The number of consumers using telematics smartphone apps with connected cars is about to increase over 40 times in the next five years. ABI Research today estimates that by 2016, 129 million people will use smartphone software that works with a vehicle, up from only 3.2 million consumers this year. Such forecasts could fuel new and innovative mobile apps specific to vehicles and travel-related activities.
Smartphone applications specific to cars may best illustrate the promise of mobility and connectivity: intelligent, pocketable devices combined with wireless broadband and smarter cars. While there have been a number of in-vehicle applications for years — think of navigation, point-of-interest searches, real-time traffic data and remote automobile diagnostics — most until now have been constrained for use within the vehicle.
By leveraging the ability for a smartphone to be tied with a car, such apps can move beyond in-car use. And as vehicles gain more processors and sensors, especially in greener cars as noted in a GigaOM Pro report, (subscription required), the possibilities for mobile apps will expand.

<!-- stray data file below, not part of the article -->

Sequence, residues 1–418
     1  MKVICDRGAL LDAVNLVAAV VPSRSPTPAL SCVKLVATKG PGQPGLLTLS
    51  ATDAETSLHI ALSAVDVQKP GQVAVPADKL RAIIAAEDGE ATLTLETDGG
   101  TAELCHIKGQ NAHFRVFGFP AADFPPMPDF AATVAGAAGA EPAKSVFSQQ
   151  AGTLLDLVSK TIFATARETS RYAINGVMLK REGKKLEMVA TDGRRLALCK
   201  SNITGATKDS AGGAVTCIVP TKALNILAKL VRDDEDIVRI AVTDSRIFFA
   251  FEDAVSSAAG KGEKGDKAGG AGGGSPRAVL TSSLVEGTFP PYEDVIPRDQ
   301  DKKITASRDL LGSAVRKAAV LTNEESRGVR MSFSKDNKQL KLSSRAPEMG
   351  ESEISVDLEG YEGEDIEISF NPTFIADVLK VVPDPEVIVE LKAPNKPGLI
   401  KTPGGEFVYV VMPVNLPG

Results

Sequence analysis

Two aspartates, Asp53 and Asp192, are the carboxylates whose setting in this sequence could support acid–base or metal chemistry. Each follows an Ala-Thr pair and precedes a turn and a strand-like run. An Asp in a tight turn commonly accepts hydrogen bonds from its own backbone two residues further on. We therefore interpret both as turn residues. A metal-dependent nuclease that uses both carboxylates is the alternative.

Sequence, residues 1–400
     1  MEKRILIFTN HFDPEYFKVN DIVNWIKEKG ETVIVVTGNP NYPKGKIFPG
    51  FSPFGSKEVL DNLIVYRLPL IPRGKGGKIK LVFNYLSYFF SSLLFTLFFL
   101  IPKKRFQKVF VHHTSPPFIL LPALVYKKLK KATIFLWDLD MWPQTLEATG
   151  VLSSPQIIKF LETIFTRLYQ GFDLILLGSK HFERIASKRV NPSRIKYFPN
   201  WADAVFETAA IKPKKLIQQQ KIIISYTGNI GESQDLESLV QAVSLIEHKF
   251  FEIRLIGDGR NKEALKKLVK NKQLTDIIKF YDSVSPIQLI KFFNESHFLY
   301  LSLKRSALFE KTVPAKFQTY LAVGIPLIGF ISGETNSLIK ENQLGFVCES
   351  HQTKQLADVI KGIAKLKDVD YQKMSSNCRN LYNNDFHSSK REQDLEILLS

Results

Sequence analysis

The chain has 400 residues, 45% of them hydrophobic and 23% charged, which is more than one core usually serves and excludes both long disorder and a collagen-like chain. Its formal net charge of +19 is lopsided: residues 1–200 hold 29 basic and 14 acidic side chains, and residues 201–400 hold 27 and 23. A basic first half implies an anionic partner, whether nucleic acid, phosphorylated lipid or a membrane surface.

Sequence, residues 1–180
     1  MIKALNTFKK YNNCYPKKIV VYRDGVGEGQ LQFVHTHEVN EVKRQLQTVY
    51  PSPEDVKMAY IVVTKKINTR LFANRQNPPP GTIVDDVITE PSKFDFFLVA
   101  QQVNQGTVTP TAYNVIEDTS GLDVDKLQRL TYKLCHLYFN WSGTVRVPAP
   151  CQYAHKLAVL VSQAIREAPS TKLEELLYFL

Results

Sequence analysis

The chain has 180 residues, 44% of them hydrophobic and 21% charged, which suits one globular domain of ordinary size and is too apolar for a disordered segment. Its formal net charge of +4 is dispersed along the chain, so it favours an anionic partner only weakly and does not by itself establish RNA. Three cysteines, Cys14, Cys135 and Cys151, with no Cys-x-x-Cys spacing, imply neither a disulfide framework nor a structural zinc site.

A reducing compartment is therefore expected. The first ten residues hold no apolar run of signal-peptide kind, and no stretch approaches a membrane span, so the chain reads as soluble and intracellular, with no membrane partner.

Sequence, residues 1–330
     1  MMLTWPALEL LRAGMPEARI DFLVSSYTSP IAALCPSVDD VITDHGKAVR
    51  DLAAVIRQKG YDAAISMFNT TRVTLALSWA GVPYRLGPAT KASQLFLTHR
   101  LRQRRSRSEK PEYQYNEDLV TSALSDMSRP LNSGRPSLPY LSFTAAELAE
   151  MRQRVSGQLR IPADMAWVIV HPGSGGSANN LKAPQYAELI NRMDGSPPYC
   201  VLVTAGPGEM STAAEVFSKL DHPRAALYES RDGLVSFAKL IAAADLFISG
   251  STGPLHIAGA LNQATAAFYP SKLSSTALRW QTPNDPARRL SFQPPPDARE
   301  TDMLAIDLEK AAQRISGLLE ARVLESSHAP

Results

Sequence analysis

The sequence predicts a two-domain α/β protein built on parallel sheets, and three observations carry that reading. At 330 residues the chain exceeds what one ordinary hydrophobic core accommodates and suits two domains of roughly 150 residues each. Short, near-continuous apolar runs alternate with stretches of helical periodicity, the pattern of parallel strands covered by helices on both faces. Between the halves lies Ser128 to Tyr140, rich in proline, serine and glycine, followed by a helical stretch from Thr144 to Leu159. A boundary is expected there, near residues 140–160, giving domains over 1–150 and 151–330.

So what kinds of mobile apps will connect smartphone-toting drivers with their cars? Ford (s f) already launched software specific to its all-electric Ford Focus, allowing users to remotely monitor the battery level and even schedule a recharge during off-peak rate hours. Location Labs, in a partnership with T-Mobile, today launched software that can detect when a driver is behind the wheel of a vehicle and automatically shoot calls direct to voicemail or lock down access to text messaging. Focused on driver safety, the new app appears to monitor vehicle movement through GPS, but in the future, could get that data directly from the car.
But these examples, along with streaming music entertainment from Pandora and smarter navigation solutions, are just the tip of the iceberg. Pairing a connected car with smartphone apps is likely to lead to automatic location check-ins, voice-powered Facebook status updates from the driver’s seat, or even shopping list reminders when you’re about to pass a local retailer that stocks items you’re running out of at home. Whatever the application, mobile broadband and smart handsets combined with the cars of tomorrow could give new meaning to the term “information superhighway.”
For more research on electric cars check out GigaOM Pro (subscription required):